Meanwhile, TACA President and CEO Josh Leftwich said his association believes APOs should be able to choose which best management practices they want to implement. He said many APOs are operating appropriately, and commercial and residential developments in the area are more to blame for stormwater runoff into the water supply.

“Mining has been going on there in the San Jacinto waterway for over 50 years,” he said. “There’s been much growth around the area that has contributed to ... issues that have led to more potential runoff from these other areas coming into these sand mines and to the San Jacinto River area, too.”

The petitioners also disagreed on which parts of the San Jacinto River Basin the rules should apply to, as the basin is comprised of streams, tributaries and water bodies in Harris, Montgomery, San Jacinto, Grimes, Waller and Liberty counties, according to the petitions.

FPI wanted the TCEQ’s rules to apply everything north of Lake Houston, while TACA wanted the rules to apply only to companies along the East and West forks of the San Jacinto River and their tributaries, between Lake Conroe and Lake Houston.

Proposed rules

The original petitions included 42 proposed best management practices, most of which FPI and TACA agreed on. The best management practices cover maintenance, stormwater discharge and land restoration, to name a few.

During the meeting, TCEQ officials proposed language that would require APOs seeking new permitting or renewed permitting from TCEQ to adopt as many best management practices as feasible, but APOs must only adopt a minimum number practices. This proposed language more closely aligned with TACA's proposed language on the item.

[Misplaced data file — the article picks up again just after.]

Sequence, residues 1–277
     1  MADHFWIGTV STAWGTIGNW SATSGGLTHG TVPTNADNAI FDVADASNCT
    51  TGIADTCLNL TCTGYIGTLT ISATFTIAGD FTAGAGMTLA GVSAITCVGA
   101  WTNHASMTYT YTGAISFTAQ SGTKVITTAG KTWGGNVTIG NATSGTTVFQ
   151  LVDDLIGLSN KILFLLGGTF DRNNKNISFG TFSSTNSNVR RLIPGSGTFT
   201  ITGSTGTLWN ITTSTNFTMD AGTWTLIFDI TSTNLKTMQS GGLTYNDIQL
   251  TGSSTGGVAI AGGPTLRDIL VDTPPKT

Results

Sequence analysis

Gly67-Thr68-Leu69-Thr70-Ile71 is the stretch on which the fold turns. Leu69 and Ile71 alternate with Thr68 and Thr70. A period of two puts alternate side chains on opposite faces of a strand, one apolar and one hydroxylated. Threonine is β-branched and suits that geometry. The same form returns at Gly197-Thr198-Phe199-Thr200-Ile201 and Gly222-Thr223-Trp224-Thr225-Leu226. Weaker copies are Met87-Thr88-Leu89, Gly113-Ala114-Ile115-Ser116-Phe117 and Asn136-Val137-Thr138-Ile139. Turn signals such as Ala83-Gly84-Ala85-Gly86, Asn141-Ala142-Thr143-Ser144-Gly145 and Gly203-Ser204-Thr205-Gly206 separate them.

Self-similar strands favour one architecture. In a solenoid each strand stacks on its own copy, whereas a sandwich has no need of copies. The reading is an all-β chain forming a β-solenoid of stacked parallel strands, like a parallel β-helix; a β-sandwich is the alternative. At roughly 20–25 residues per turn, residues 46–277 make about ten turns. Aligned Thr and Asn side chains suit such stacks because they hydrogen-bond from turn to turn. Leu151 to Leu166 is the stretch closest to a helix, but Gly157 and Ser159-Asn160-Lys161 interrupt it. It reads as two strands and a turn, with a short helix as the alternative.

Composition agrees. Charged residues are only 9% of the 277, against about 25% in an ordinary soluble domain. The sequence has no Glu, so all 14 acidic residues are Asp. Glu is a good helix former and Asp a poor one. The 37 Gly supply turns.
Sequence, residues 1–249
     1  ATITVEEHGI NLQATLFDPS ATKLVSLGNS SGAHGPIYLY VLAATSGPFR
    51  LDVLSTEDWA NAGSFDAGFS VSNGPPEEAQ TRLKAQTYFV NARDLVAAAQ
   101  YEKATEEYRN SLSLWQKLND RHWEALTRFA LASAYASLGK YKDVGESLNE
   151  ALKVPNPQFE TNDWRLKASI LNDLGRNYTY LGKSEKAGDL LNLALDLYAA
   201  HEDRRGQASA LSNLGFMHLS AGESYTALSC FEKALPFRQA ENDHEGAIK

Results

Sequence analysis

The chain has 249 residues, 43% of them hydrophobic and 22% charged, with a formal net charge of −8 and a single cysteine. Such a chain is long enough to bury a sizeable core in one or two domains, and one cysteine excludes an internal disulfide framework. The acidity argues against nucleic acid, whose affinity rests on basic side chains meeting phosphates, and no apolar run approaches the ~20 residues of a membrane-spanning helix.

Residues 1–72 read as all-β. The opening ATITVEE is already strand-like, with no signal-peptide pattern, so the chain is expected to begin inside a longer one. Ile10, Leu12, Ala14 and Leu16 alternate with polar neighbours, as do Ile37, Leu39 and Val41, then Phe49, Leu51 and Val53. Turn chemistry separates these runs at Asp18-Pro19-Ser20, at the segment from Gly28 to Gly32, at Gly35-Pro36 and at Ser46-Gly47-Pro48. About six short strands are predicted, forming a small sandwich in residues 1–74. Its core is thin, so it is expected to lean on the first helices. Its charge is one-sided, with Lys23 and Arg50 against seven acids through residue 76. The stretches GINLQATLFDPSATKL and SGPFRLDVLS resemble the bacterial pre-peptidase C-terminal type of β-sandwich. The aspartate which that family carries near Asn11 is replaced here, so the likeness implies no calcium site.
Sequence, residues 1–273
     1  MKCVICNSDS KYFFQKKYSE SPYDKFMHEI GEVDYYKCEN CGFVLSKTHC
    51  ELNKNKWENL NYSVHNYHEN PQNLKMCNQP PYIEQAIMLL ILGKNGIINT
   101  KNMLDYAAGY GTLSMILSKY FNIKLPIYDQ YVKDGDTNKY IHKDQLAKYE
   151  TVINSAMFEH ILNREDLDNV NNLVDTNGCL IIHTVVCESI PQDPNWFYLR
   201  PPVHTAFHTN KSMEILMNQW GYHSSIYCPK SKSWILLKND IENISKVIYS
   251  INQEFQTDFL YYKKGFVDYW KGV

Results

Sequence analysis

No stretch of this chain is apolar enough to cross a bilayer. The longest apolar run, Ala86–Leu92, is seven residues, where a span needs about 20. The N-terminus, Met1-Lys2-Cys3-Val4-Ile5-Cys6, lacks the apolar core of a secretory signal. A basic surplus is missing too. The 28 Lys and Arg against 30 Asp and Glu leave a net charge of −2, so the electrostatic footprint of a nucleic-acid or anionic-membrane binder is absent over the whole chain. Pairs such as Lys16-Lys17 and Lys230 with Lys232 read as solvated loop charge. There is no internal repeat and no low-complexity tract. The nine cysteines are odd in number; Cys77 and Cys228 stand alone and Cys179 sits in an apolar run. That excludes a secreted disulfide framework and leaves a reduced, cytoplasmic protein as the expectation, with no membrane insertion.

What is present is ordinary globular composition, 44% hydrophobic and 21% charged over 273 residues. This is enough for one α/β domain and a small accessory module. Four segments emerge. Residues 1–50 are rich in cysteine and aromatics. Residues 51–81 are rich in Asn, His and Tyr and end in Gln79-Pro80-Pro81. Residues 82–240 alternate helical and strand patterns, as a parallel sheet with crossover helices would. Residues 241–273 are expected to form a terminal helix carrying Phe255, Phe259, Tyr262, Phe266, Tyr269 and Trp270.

Boullion and McCabe pushed back against the language, saying that APOs should be required to adopt all the practices; however, they said companies could then apply for waivers from the TCEQ for specific rules that would not be applicable to the site.

TCEQ officials said comments will be taken into account to form the proposed draft rules. Stakeholders can submit comments on the proposed best management practices to the TCEQ until Nov. 24, Villalba said. Emails can be sent to macayla.coleman@tceq.texas.gov.

A public meeting will be held in December to receive further comments. The TCEQ will then create draft rules of the best management practices between this December and March 2021, which will also include responses to public comments. The rules have to be approved by commissioners throughout the process, but Villalba said they hope to adopt the final rules in November 2021.

Correction: The original version of this article incorrectly stated that TACA President and CEO Josh Leftwich had said developments put pollution runoff in the water supply. Leftwich was actually referring to stormwater runoff. This article has been updated with the appropriate language.

Correction: The original version of this article misspelled Jill Boullion's last name.
By Kelly Schafler

Editor, Lake Houston | Humble | Kingwood

Kelly Schafler is the editor for the Lake Houston, Humble and Kingwood edition of Community Impact Newspaper, covering public education, city government, development, businesses, local events and all things community-related. Before she became editor, she was the reporter for the Conroe and Montgomery edition for a year and a half.



MOST RECENT

New details could emerge soon on the potential use of underground tunnels to carry flood water in Harris County, and officials voted May 11 to dedicate an additional $3.26 million to study efforts along Buffalo Bayou. (Kelly Schafler/Community Impact Newspaper)
County commissioners expand scope of flood tunnel study as next phase nears completion